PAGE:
Source: Kristin McFarland for The Life Sciences Report (2/16/17)
Stocks in all areas of life sciences including biotech to pharma have been on a roller coaster since Donald Trump won the election in November. Wealth advisor Kristin McFarland discusses the big picture for pharmaceutical investment under the new administration.
As of February, a great deal of uncertainty still remains as firms—and the stock market—try to predict the Trump administration’s next moves. There is a lot on the table right now that could work for—or against—life sciences companies, specifically pharmaceuticals.
What does the future hold for pharmaceuticals under President Trump?
This is the billion dollar question that no one really knows the answer to. The president hasn’t announced anything yet but based on what we do know, changes could be good for the pharmaceutical industry, bad, or leave things mostly unchanged.
Here’s a quick summary:
– President Trump was not as outspoken about his plans to reduce prescription prices as Mrs. Clinton was but he has remarked that something needs to be done about the prices of medications
– The president would like to see a streamlined FDA approval process and favors an overall reduction in regulations
– Mr. Trump also ran on the desire to lower the tax rate, specifically on businesses
– Mr. Trump has mentioned the possibility of allowing Americans to import lower cost drugs from outside the U.S.
– President Trump’s recent travel ban could impact the ability and desire for scientists in the international community to come to U.S.
– Any plans regarding prescription drug prices for consumers will likely be heavily tied to Mr. Trump’s proposal to replace the Affordable Care Act (“Obamacare”)
Of course these points would still be subject to approval and implementation, but it does leave a lot of uncertainty—and markets tend to dislike uncertainty.
The same rules still apply
We do know the new administration plans to shake things up. Whatever changes are to come may be beyond the control of the average citizen, but keep in mind there are still plenty of things you can control.
1. Evaluate in neutral terms: Regardless of any personal feelings you may have either for or against the new president, it is critical to be as impartial as possible when deciding how to manage your investments. Allowing personal feelings about how the administration may help or harm the economy can be a slippery slope.
2. Focus on the long term: Recall the basic principles of a diversified long-term investment strategy: the market is sure to go up and down as it reacts to short term headlines—expect it—and stay the course. Often the worst thing investors can do is react to market volatility by selling low and reentering when prices are high.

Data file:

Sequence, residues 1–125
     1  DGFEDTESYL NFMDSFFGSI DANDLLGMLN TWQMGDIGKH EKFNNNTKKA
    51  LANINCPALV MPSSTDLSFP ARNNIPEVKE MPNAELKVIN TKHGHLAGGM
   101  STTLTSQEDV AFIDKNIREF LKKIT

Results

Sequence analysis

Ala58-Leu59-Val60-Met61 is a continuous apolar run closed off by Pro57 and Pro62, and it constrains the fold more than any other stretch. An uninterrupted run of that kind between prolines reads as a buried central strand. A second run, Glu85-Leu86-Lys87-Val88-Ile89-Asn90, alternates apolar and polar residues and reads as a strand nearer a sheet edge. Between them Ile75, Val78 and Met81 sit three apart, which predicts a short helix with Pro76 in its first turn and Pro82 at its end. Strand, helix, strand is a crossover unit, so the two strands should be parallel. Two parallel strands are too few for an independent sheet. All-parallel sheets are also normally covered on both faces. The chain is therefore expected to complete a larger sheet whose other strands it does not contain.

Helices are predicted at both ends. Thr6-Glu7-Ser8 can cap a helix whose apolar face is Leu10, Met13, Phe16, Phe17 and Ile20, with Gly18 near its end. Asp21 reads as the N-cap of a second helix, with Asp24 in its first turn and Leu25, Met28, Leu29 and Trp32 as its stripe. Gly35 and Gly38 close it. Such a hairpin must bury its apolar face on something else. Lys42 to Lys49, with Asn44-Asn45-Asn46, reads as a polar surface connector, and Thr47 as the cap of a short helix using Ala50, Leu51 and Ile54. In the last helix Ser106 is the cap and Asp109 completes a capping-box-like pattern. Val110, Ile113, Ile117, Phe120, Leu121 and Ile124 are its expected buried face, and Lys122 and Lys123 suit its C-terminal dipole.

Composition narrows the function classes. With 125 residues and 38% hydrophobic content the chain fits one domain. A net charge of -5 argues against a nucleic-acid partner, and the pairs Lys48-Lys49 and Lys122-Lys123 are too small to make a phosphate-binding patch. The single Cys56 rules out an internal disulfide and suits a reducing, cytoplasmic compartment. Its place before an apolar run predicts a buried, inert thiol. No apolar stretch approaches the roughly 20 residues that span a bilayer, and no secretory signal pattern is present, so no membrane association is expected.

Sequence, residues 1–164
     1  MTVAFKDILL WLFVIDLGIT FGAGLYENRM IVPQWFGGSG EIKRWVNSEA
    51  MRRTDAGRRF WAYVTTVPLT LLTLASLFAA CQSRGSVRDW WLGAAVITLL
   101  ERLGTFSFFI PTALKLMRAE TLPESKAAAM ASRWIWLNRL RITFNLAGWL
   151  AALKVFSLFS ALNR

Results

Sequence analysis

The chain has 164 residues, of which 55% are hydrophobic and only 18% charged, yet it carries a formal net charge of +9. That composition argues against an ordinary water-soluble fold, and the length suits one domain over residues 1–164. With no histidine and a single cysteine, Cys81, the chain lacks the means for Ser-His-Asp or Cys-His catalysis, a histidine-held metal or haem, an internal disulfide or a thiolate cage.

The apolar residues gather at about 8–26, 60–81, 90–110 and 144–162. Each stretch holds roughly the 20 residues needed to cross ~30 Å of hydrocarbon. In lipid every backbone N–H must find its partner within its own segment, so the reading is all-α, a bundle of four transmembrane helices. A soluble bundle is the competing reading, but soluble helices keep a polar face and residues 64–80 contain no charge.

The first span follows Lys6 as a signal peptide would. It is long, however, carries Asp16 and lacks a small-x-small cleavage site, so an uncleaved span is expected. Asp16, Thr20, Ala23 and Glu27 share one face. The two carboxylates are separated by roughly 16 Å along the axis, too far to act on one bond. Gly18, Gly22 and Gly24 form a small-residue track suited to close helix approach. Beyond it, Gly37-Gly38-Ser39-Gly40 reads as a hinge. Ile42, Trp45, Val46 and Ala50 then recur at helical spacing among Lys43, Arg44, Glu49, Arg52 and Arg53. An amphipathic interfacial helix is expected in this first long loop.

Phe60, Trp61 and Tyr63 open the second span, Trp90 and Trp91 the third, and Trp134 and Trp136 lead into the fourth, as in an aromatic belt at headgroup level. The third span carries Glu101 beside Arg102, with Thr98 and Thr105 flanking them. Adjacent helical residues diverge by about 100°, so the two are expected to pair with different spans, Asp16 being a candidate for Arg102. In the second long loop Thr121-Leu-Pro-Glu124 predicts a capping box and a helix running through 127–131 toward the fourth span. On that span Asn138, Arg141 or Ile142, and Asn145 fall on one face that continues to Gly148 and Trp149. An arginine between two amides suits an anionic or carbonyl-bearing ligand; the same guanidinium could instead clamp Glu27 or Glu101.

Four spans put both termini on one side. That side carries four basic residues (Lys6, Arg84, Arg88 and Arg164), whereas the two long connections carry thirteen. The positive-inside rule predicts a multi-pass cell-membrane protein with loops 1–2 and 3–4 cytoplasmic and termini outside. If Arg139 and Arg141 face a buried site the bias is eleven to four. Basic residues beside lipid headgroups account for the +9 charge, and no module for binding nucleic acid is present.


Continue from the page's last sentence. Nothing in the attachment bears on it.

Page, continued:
3. Diversify, diversify, diversify—the best way to mitigate your risk is to have a diversified portfolio of investments across industries, geographies, and asset classes. This especially includes equity based compensation. Individuals often hold too much equity in their employer’s stock which can have devastating consequences if not managed properly.
Managing your investments
Stop and consider any changes before you increase or decrease your investment. Buying more equity or retaining shares you would have otherwise liquidated for cash based on what you expect to happen in the industry is a lot like stock picking or active management. It has been well documented that these approaches are largely unsuccessful. According to S&P Indices Versus Active (SPIVA®), over the past 10 years, 82% of actively managed large-cap funds have failed to outperform their benchmark. Mid and small-cap managers have had even more difficulty outperforming their benchmark; over the same 10-year period 88% of managers have failed in this regard.
Industries with a lot of M&A activity may have more risk
There is a lot of movement in life sciences. Staff will come and go as drugs are approved, denied, R&D expands or contracts, and companies are often acquired. There are a number of ways a company’s stock could be treated after an acquisition. Shares may be given a new valuation based on the terms of the deal and cashed out, or converted to shares of the new company’s stock, or perhaps even left unchanged. Price fluctuations are common as the market weighs in on the deal.
Kristin McFarland, CFP®, MBA, is a wealth advisor at Darrow Wealth Management, an SEC registered investment advisor in Massachusetts. The material contained in this article is for general information only and should not be construed as the rendering of personalized investment, legal, accounting or tax advice. If you would like to discuss your personal situation, please contact McFarland directly.
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